One of the most prominent questions that we have all been asked in a job interview in one way or another is, "What is a challenge you have had to face and how did you overcome it?" This is of course a simple case question to see how managers like me handle problems. Up until owning my own business I had always just answered this question with the latest challenge I had faced in a group project in the classroom or at work, but that all changed once I signed on the line of that business lincense.
As a business owner I face challenges weekly about what to do with Bounce Back Sports. In the big business world we take regular expenses for granted. In the small business community you sometimes have to make tough choices. You may have to forego buying those essential supplies you take for granted in a large corporation to make sure you can pay the company bills that week because after all how important are sticky notes?
To specifically site my biggest challenge I will take you back to the opening stages of Bounce Back Sports. It was the very beginning of the company and I was so excited (still am). This idea of renting a service directly to college students that were willing to pay a lot for it was perfect. I lived in my market and travel wouldn't necessarily be mandatory unless I wanted it in order to make additional profit. My business plan was flawless: advertise on campus a little; meet up with some greek life and organizations on campus and before I knew it the money would be rolling in.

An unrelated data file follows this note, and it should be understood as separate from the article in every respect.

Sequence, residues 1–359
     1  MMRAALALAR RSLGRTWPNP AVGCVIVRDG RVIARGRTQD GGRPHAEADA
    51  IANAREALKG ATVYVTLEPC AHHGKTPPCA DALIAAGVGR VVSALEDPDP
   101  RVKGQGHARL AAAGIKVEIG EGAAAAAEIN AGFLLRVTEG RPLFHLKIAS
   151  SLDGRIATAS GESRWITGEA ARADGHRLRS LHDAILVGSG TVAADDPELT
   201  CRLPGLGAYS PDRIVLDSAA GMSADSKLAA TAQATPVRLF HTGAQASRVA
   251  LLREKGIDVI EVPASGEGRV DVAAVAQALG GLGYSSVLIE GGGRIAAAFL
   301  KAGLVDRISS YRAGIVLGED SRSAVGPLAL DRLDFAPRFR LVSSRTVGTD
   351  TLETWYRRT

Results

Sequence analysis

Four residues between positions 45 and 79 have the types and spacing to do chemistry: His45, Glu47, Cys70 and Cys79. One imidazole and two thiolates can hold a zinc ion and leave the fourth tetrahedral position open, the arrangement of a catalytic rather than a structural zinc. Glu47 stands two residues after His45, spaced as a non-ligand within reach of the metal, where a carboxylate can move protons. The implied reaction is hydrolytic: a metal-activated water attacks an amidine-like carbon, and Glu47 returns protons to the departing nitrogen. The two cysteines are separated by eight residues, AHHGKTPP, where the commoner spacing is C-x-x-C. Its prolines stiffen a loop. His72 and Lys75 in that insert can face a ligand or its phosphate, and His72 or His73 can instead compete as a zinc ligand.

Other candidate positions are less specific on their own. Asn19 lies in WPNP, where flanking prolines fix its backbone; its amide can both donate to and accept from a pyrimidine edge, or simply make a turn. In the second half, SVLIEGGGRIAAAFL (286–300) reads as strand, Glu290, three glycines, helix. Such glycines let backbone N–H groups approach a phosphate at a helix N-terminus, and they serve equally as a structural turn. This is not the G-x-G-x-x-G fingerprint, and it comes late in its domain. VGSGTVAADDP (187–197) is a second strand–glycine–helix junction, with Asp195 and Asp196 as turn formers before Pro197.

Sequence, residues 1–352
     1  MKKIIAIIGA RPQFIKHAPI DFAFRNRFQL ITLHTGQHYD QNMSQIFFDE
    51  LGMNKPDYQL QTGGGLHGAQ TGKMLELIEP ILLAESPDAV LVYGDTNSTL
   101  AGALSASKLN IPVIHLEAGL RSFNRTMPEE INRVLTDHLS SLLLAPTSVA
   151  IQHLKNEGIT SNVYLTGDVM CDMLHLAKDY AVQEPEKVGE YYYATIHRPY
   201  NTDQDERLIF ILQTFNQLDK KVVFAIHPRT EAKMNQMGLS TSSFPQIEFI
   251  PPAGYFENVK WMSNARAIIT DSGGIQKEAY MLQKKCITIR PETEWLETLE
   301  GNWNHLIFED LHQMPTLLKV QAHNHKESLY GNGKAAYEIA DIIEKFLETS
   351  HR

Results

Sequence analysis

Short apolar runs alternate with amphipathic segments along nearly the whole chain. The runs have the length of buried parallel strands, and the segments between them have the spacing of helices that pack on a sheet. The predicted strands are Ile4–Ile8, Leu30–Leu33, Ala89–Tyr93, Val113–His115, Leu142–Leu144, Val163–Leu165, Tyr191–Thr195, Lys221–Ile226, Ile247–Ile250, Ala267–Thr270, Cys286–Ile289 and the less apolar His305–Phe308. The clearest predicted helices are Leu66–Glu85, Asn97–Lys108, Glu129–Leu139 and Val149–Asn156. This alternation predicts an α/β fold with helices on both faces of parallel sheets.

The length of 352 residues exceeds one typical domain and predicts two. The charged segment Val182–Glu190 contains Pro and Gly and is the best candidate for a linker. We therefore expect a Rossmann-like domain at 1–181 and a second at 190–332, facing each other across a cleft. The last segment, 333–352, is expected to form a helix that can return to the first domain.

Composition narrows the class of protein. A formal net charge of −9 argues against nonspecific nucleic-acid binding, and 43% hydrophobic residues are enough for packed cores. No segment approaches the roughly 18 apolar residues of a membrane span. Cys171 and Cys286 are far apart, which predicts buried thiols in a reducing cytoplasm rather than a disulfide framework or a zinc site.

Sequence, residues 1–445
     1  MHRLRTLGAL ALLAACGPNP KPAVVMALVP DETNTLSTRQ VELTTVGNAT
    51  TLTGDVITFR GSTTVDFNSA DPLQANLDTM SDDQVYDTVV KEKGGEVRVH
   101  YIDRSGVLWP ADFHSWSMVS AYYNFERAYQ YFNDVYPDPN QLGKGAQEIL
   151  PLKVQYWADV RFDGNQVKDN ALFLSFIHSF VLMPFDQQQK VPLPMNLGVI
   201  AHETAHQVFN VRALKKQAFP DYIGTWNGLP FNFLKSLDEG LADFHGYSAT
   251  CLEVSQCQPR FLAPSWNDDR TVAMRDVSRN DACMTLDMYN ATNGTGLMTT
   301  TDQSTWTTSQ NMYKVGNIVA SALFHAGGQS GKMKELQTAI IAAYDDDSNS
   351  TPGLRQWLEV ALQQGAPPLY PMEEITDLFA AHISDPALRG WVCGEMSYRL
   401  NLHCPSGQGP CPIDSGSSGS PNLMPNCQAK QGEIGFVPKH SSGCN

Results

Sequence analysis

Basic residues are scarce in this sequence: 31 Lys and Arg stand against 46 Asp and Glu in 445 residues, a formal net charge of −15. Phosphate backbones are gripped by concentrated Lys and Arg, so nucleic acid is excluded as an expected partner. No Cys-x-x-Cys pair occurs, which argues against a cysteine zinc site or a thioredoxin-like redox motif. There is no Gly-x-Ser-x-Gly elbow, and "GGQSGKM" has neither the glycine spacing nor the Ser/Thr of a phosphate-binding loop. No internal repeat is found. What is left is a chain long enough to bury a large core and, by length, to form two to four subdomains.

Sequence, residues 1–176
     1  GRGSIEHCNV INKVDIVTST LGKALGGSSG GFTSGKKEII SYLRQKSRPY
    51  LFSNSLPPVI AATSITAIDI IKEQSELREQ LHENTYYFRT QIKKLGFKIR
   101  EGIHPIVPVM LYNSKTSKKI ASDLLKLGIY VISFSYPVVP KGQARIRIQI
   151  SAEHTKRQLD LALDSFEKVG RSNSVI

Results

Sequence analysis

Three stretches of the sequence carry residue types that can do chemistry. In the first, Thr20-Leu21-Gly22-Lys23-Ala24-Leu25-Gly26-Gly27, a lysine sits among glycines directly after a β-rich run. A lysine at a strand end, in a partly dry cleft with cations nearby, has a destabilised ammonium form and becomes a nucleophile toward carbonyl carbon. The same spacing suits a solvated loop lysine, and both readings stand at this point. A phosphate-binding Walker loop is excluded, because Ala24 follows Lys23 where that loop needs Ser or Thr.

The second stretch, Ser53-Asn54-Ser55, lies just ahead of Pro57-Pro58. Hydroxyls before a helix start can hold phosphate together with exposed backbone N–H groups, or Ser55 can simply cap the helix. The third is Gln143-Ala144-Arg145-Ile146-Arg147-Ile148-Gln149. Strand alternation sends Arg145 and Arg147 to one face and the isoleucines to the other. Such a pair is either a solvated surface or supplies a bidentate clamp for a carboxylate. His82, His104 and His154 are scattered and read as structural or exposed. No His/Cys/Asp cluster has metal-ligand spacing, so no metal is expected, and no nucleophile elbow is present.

It was about 3 months and $5,000 later that I found out my business plan was about to come crashing down. My business plan had one flaw: I didn't have approval to operate on campus. One bureaucratic policy combined with a few liability concerns and I was looking at a potential of $5,000 of my own capital down the drain and all this equipment that was virtually useless. What to do? What to do? I couldn't just waste this opportunity. Surely there was a way to make it all work out.
Of course if you've made it this far into my website you know that I did find a new business model. In fact I completely changed my target market. After a little bit of research I found the one and only Bubble Soccer referral site on the internet, paid my membership dues, and events were rolling in from all around South Carolina. I am still the only traveling Bubble Soccer rental provider in South Carolina. By March of next year I am already looking to turn a profit and I have yet to book a single event on USC's campus. I've found that by traveling I can actually make more money in the travel time that I have to charge for than I ever could have made at USC.
I site this example because while many students my age have all faced adversities in their personal lives, many of us have not truly experienced any adversity in our professional lives yet. Sometimes we have to drop everything we're doing, create an entirely new plan, and go with that. As CHRIS KALABOUKIS says in his article at thinkfuture "Don't be afraid to pivot." In the world of small businesses you have to be willing to drop every idea you've ever had about your company; completely abandon it, and start in another direction.
While I don't plan on building Bounce Back Sports into the largest leisure sporting rentals empire in the country, I do recognize that I have learned a lot from my company. I can say I am a lot less afraid to pivot or "bounce back" if you will.
Most posts relate where I currently stand in my education as well as my daily work and life experiences.